SÃO PAULO – While the Vatican’s recent declaration authorizing blessings of same-sex unions has stirred turmoil across the Catholic world, in Pope Francis’s native Latin America, aside from individual and scattered notes of concern, to date there hasn’t been a real backlash involving whole groups of clergy or bishops.

In part, observers say, the relative silence may reflect a conviction among many Latin American Catholics that Fiducia Supplicans doesn’t involve much real change, since the practice of offering blessings in vritually any circumstance was already widespread on the continent.

To be sure, a few Latin American prelates have publicly manifested criticism of the declaration.

They include Bishop Rafael Escudero López-Brea of Moyobamba in Peru, who said that it “damages the communion of the Church, since such blessings directly and seriously contradict divine revelation and the Catholic Church’s uninterrupted doctrine and practice.”

The Archbishop of Montevideo, in Uruguay, Cardinal Daniel Sturla, also rejected the idea of blessing same-sex couples, asserting that Fiducia Supplicans is not clear enough, given that it says that it does not change the Church’s doctrine but, at the same time, it allows blessing not just a person but a couple in a sinful situation.

In Brazil, Bishop Adair Guimarães of Formosa in Goiás state said during a Mass that he had consulted the local clergy and lay people and that they unanimously told him that “applying the resolution would bring incomprehension and scandal,” so he had decided not to give blessings to same-sex couples.

Despite such individual expressions, most Latin American bishops haven’t voiced any stance on the document, and bishops’ conferences have largely stayed out of the fray. Lay movements have mostly been silent as well.

For many analysts in the region, such a general lack of reaction is not necessarily a signal of acceptance, but is also connected to the perception that nothing is really changing for most Catholics.

“In Argentina – and in Latin America as a whole – giving blessings is something that happens on a daily basis. Blessings can be given to anyone and by anyone, like a healer, for instance,” Fortunato Mallimaci, a sociology professor at the University of Buenos Aires, told Crux.

In that sense, Fiducia Supplicans can be seen as a document that comes directly – but not exclusively – from the Latin American reality, where “people are not so worried about the norm and consider that everybody has a right to sacredness, which is greater than any institution.”

“It has a strong connection to Latin American popular religiousness, which operates many times beyond the norms,” Mallimaci said.

The document explains that blessings to same-sex couples are not sacraments, he said, “but it’s difficult for societies more concerned with norms to understand that difference.”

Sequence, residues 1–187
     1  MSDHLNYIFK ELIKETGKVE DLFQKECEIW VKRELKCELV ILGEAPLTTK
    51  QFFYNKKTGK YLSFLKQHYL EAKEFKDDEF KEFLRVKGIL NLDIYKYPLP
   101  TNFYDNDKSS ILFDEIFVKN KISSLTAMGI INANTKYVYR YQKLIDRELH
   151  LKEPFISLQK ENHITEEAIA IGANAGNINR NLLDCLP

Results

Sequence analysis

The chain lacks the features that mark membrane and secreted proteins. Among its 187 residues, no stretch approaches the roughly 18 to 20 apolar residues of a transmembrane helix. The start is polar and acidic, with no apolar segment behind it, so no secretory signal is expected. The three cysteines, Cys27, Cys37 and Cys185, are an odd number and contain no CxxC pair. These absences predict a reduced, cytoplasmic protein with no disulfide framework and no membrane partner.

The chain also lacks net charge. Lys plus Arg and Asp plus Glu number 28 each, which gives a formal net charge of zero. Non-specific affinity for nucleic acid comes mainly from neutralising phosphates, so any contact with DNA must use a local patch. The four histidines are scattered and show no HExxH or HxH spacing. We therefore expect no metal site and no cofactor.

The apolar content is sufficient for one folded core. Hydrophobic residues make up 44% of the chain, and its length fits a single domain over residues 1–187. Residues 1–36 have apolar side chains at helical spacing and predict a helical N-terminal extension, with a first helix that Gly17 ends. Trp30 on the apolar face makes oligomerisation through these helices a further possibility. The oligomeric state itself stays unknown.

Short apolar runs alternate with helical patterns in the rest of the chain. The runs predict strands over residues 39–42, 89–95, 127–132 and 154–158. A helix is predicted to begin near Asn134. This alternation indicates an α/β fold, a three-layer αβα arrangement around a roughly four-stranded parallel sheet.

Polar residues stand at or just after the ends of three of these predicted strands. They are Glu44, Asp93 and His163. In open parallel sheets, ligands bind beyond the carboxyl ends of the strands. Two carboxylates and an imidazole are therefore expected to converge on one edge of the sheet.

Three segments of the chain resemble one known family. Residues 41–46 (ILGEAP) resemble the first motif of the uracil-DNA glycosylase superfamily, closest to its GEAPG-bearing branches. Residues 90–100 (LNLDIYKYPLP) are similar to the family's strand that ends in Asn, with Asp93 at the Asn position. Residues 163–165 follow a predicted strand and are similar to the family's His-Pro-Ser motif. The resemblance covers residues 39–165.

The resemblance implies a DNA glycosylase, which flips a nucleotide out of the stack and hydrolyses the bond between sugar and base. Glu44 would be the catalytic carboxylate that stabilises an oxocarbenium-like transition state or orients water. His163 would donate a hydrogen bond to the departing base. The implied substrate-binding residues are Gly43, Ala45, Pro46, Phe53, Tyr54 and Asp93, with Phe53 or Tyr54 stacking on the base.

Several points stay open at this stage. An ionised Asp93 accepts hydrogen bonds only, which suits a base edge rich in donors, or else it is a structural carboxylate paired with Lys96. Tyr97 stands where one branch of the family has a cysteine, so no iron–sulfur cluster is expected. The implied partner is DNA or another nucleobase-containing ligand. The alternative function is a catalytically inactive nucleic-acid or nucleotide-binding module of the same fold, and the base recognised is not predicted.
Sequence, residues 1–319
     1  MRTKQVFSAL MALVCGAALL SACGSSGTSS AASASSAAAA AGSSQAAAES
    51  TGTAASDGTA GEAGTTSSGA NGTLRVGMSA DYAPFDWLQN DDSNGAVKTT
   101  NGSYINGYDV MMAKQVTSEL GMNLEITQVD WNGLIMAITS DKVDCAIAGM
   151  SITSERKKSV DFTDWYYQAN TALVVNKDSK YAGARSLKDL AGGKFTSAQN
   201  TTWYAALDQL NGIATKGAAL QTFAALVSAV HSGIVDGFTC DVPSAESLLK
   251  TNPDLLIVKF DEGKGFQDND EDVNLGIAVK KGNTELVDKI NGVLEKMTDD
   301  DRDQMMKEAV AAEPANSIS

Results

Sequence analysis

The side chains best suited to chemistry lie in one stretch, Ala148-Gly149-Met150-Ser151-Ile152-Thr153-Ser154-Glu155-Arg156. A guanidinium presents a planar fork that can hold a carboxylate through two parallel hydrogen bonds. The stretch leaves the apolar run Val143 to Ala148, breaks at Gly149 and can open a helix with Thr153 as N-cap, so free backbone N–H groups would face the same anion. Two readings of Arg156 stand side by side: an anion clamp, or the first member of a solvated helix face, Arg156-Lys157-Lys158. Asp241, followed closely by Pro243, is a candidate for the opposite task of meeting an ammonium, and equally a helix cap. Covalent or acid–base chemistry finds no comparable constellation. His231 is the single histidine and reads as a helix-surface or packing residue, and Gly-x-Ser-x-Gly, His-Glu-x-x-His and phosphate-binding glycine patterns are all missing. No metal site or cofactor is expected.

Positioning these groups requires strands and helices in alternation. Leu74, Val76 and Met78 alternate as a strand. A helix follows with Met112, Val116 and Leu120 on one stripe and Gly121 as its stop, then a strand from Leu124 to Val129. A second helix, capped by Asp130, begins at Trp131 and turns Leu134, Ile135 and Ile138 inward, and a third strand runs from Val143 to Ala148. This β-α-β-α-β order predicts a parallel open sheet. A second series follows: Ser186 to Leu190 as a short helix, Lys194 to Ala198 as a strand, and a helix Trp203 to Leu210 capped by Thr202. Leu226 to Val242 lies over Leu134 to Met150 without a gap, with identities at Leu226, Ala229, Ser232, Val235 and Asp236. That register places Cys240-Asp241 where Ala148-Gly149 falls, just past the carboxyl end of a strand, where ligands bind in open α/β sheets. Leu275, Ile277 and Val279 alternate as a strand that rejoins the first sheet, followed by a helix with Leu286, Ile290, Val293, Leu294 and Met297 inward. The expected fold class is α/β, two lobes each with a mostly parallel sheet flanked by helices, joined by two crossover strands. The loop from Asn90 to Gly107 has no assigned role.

In Brazil, people tend to see the Church as a place of mercy and love where everybody should be equally welcomed, said Maria Cristina Furtado, a theology professor at the Pontifical Catholic University of Minas Gerais and a member of the Brazilian Society of Moral Theology.

For Brazilians, blessings are something that children ask for their parents, “and no mother can deny a blessing to her child,” Furtado said, adding that “the Church is also a mother.”

“Maybe we’re closer to Pope Francis than other peoples, in the sense that he also wants a Church that welcomes everybody with unconditional love,” she said.

Furtado said that since the beginning it was clear for everybody that those blessings don’t correspond to a sacrament.

Jesuit Father Sergio Cobo, who works with Indigenous peoples in Veracruz, Mexico, told Crux that, except for a couple of Mexican bishops, the country’s episcopate has not criticized Fiducia Supplicans.

“Mexicans have a great admiration for the figure of the pope. In other societies, bishops may criticize him. But here they would lose credibility among the people,” he affirmed.

Cobo said that in Mexican society, the opinion of the youth has a significant impact and “young people tend to be more liberal when it comes to sexual orientation, so a great segment of the Mexican people agrees with the pope.”

The presence of indigenous people in many parts of the country also contributes to a more tolerant view of themes connected to sex and gender, he said.

“Among many indigenous nations, homosexuality is accepted without conflict. Those groups even have special social functions for homosexuals,” said Cobo, who works with the Nahua, Tepehua, and Otomi peoples.

Jesuit Father Jorge Coastadoat, a professor at the Pontifical Catholic University of Chile, told Crux that for many Chileans the possibility of blessing same-sex couples is a positive signal.

“Culture has changed and people are now worried about gender issues and so on. Chilean society is abandoning misogyny,” he said.

Blessing everything – a child, a car, a house, and even a shotgun – was always something common in the South American country. Before Fiducia Supplicans, however, it was not easy for a same-sex couple to find a priest to give it a blessing, Costadoat said.

“Now it should be easier,” he said.

Although there might be bishops who didn’t like the document, none of the prelates has expressed discordance with it so far, he said.

“In Chile, there are segments that criticize the pope. But there’s not that divide that he generates in the United States,” Costadoat said.